Meet Chaga: A mushrooming immune booster

Cathleen Kronemer, NSCA-CPT, Certified Health Coach, is a longtime fitness instructor at the Jewish Community Center. She is also a member of the St. Louis Jewish Sports Hall of Fame.

By Cathleen Kronemer

In the world of “edible fungi”, there is much debate over the value of different species.  Enoki mushrooms figure prominently – and deliciously — in many Asian recipes.  Truffles are known for their rare oil-infusing properties.  The more ordinary white mushroom is an excellent source of Vitamin D.  However, the largely unheard-of chaga is hitting the scene as a powerful medicinal mushroom.

The chaga variety more closely resembles a black woodsy growth than a traditional mushroom.  As such, it goes largely unrecognized by the average forest forager. In addition to its attributes as a powerful antioxidant, chaga is currently recognized globally for its anti-mutagenic compounds and its remarkable ability to inhibit tumor growth.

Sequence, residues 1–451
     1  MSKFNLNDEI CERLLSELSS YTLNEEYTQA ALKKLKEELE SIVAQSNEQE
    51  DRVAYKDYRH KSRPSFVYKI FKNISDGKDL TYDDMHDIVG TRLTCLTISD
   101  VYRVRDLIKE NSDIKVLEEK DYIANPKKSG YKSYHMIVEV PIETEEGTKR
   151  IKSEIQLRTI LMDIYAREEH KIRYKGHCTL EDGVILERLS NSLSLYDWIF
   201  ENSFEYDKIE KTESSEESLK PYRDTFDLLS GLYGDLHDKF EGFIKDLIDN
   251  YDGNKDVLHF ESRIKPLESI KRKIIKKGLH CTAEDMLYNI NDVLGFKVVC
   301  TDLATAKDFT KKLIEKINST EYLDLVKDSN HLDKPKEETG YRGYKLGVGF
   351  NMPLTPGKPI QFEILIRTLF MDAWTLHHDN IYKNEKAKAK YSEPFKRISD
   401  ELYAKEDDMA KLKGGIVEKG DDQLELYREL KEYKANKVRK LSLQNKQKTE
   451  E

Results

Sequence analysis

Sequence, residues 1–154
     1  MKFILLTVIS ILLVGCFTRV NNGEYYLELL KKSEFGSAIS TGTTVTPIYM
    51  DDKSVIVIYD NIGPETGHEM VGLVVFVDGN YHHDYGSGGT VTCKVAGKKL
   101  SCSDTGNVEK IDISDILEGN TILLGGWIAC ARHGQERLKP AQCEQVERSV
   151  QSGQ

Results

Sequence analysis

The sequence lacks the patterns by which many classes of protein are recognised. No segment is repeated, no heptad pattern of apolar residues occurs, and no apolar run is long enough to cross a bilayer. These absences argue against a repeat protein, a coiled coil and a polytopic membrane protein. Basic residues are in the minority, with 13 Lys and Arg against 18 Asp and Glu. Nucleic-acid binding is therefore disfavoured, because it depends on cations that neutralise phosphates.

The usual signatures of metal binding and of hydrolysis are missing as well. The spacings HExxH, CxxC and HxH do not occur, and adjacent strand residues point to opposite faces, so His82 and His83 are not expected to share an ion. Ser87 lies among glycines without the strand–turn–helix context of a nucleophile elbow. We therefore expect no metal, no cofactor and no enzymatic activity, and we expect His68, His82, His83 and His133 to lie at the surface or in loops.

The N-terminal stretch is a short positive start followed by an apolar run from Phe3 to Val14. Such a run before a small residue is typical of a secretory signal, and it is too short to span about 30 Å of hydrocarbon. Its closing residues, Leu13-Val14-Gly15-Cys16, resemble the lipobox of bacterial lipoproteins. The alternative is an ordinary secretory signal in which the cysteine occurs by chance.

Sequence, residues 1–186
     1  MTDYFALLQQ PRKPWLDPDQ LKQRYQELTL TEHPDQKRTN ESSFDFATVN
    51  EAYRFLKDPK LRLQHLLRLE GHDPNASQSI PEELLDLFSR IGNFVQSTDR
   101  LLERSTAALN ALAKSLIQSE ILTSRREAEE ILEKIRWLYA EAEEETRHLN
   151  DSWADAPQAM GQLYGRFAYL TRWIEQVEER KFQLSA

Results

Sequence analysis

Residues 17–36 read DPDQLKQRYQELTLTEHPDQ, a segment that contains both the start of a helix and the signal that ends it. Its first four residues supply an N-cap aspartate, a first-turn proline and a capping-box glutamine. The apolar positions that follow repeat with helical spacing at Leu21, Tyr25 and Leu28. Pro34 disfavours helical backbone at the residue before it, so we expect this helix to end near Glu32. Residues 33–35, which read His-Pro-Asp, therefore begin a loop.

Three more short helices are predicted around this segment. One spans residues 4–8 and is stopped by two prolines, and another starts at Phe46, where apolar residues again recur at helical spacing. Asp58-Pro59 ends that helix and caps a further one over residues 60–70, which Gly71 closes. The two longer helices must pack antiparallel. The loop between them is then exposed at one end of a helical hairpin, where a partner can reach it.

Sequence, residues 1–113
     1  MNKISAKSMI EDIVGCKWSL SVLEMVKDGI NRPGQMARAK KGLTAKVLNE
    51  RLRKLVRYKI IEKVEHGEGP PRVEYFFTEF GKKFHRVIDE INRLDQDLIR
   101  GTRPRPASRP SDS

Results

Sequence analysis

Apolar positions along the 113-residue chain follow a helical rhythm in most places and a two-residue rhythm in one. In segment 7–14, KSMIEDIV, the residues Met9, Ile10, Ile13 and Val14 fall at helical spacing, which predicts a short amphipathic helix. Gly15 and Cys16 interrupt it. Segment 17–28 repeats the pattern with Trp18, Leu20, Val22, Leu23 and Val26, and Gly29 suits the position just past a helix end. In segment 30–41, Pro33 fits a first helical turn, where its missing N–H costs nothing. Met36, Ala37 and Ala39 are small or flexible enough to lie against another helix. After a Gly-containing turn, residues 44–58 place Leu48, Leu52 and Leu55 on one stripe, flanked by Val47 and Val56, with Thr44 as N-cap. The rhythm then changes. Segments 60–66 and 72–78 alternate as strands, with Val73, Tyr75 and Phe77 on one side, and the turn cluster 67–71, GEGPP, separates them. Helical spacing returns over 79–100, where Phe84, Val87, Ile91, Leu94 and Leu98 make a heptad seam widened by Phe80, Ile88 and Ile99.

Chaga can be found in cold climates, and tends to favor growing solely on birch trees in Northern Russia and Siberia.  For thousands of years, chaga was utilized in folk medicine and Russian herbalism, harnessing its ability to help humans adapt to the harsh weather conditions in these areas. In the late 1960’s, us Westerners became aware of the powers of this mighty mushroom when the author Aleksandr Solzhenitsyn published his book, “The Cancer Ward”.  In it, he attributes healing properties to what he refers to as “the tea from the birch tree mushroom”, especially touting the benefits to patients undergoing treatments for cancer.  Between its antiviral properties and the protection it offers against the damaging effects of radiation treatments, the chaga mushroom seems to be taking the medical world by storm.

So, how can we make good use of this powerhouse? As it turns out, chaga in its powdered form shines when subjected to hot water extraction.  Tea preparation is the easiest way to enjoy chaga; its slightly bitter flavor and intense brown color make it a suitable coffee substitute. Unlike caffeine, the body’s “chi”, or “life force” is naturally stimulated as chaga tea is absorbed.

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While more clinical trials are needed to fully understand the implications of the fabulous fungi to overall health, scientists remain optimistic.  Key an eye out for recipes utilizing the chaga mushroom. From reducing fatigue and inflammation to increasing mental alertness, the potential is powerful!